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Ever Lost a Pet?
Technology and the media improve chances of being found
Boston Terriers aren't typically known for roaming such long distances.

When I opened today’s paper, the front page featured the ecstatic reunion between Denise Shepard and her Boston Terrier Frankie. He had been missing for three months. During that time, the little guy somehow managed to travel 200 miles from his home in Battle Creek, Michigan, to a suburb of Chicago. A tiny microchip in Frankie’s neck allowed this story to have a happy ending.

Of course, I’m thrilled to see pet-owner reunions--we had one with our naughty black cat last summer--but when I read this morning’s headline, I thought, “Really, another one?” It seems like everywhere I look--newspapers, magazines, blogs, TV, Facebook--someone is reuniting with their lost pet. Are there more reunions due to microchips, pet detectives via the Internet, or is it simply more media coverage?

My cynical self knows that human interest stories involving pets sell papers, but is it possible that the mainstream media is recognizing how important our pets are to us? That they are worthy of making the front page because they are beloved family members and not “just” a dog?

Have you ever been reunited with a lost pet? If so, did you use Facebook or the Internet to help with the search? Did the media cover your reunion?
 

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Julia Kamysz Lane, owner of Spot On K9 Sports and contributing editor at The Bark, is the author of multiple New Orleans travel guides, including Frommer’s New Orleans Day by Day (3rd Edition). Her work has also appeared in The New York Times Magazine, Poets and Writers and Publishers Weekly.

SpotOnK9Sports.com
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Submitted by Lainey | May 12 2010 |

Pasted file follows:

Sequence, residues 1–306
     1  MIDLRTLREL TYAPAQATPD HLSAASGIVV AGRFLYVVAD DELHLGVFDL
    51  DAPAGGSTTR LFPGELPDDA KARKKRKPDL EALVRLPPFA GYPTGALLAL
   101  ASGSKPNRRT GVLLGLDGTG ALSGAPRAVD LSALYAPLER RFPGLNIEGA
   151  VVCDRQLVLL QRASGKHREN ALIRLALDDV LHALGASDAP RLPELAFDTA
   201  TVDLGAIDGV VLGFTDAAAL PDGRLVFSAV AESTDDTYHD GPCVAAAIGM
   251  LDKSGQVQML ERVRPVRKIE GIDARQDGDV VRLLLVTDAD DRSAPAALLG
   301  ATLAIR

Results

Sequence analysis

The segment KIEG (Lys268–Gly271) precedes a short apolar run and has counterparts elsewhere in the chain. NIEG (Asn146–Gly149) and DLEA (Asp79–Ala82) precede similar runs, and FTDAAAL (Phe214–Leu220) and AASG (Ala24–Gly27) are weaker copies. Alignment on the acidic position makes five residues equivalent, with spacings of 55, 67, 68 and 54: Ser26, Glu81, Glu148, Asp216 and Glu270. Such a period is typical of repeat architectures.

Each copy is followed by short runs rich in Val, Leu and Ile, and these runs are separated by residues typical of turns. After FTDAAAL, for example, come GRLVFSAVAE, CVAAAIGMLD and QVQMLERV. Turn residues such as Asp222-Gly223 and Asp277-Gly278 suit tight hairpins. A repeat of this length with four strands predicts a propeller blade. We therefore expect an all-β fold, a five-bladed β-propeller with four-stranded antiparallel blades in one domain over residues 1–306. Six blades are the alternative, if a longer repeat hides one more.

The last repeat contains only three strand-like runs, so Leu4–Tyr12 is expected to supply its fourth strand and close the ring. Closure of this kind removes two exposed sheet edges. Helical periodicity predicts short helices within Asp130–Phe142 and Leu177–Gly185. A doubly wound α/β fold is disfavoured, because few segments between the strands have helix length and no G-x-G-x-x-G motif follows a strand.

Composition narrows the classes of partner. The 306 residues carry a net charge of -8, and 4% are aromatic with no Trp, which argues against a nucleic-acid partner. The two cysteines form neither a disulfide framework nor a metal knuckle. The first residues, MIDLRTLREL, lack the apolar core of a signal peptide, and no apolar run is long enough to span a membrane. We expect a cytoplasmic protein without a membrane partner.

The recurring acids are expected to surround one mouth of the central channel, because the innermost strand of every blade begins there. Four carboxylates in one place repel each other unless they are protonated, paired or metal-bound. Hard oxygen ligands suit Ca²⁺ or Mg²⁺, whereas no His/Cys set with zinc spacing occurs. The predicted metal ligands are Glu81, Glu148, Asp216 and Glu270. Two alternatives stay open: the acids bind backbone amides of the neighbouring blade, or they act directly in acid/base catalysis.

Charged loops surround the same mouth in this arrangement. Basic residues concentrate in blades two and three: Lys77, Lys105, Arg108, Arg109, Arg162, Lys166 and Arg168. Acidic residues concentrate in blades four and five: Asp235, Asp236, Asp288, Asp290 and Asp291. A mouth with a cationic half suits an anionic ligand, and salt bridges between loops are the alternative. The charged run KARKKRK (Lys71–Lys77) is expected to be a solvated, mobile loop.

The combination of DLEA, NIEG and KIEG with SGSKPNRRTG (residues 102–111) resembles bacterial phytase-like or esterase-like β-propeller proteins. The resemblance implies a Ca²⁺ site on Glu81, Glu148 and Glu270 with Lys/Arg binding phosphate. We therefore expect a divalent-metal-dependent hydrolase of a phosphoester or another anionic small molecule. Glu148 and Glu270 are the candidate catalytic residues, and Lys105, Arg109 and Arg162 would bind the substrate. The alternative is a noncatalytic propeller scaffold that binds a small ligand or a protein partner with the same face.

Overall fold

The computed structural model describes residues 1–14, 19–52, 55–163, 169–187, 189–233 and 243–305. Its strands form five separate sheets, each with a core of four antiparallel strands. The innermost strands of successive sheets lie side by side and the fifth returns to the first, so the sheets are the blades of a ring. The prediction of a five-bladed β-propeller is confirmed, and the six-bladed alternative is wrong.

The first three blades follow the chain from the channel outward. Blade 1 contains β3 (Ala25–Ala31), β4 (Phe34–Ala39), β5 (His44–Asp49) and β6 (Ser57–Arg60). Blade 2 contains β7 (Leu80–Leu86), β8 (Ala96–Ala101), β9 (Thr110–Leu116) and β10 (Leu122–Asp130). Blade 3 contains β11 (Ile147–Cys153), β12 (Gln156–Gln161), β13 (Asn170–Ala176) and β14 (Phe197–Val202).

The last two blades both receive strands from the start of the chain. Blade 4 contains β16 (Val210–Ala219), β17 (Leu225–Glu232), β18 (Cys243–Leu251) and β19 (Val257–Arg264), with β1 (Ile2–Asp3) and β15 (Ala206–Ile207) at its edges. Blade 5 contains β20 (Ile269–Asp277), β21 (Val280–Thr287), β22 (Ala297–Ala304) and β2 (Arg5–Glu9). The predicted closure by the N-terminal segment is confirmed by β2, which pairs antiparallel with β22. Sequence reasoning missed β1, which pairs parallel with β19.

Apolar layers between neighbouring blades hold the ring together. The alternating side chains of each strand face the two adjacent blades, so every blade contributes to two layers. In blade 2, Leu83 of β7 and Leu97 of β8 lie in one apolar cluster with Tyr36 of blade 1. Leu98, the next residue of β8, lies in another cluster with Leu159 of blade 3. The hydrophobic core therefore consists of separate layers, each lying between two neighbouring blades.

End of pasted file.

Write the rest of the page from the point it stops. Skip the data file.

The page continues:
What I would like to know is, how did the pet get lost in the first place? Did they dump the dog? Did they leave it at a shelter? What's up with that?

Submitted by Julia Kamysz Lane | May 12 2010 |

Lainey, click on the link in the first paragraph. That will take you to the original story.

Submitted by Gail | May 12 2010 |

I think that there are more pets being reunited due to increased use of microchips and ID's. Being close to the microchip program through AKC/CAR I know that there's also better communication between the microchip registration groups too. If you contact one group with a number that they don't have, they will go and check with the other groups for you to see if they can find it. Cooperation between groups such as AVID, HomeAgain, AKC/CAR and others means that more pets find their back to their owners and in record time.

Submitted by kvincent | May 13 2010 |

In New Orleans, sometimes people will take your dog from your yard then wait for the reward signs. This happened to me while I was dog-sitting my aunt's dog. What really brought results was that I went out and spoke to every kid on a bike in the neighborhood - they know EVERYTHING! I had Sport back safe and sound in less than 24 hours.

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